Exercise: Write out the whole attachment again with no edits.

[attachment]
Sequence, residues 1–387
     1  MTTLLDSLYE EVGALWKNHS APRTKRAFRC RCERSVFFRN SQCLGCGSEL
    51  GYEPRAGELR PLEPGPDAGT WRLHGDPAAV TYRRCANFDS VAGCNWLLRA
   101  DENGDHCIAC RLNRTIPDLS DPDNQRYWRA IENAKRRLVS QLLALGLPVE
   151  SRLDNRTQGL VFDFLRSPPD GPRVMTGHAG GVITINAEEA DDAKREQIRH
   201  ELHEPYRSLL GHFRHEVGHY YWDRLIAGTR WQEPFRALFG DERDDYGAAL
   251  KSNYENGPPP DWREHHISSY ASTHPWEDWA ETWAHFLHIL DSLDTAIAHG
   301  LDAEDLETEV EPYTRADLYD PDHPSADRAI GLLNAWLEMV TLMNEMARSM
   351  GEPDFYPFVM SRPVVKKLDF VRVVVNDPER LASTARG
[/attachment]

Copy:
Sequence, residues 1–387
     1  MTTLLDSLYE EVGALWKNHS APRTKRAFRC RCERSVFFRN SQCLGCGSEL
    51  GYEPRAGELR PLEPGPDAGT WRLHGDPAAV TYRRCANFDS VAGCNWLLRA
   101  DENGDHCIAC RLNRTIPDLS DPDNQRYWRA IENAKRRLVS QLLALGLPVE
   151  SRLDNRTQGL VFDFLRSPPD GPRVMTGHAG GVITINAEEA DDAKREQIRH
   201  ELHEPYRSLL GHFRHEVGHY YWDRLIAGTR WQEPFRALFG DERDDYGAAL
   251  KSNYENGPPP DWREHHISSY ASTHPWEDWA ETWAHFLHIL DSLDTAIAHG
   301  LDAEDLETEV EPYTRADLYD PDHPSADRAI GLLNAWLEMV TLMNEMARSM
   351  GEPDFYPFVM SRPVVKKLDF VRVVVNDPER LASTARG